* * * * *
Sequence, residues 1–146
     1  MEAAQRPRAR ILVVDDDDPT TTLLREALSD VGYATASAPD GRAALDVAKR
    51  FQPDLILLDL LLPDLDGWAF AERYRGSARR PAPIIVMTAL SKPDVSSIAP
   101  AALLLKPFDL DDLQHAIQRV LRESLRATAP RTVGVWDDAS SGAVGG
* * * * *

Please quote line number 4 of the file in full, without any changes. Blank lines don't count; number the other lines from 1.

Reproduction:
   101  AALLLKPFDL DDLQHAIQRV LRESLRATAP RTVGVWDDAS SGAVGG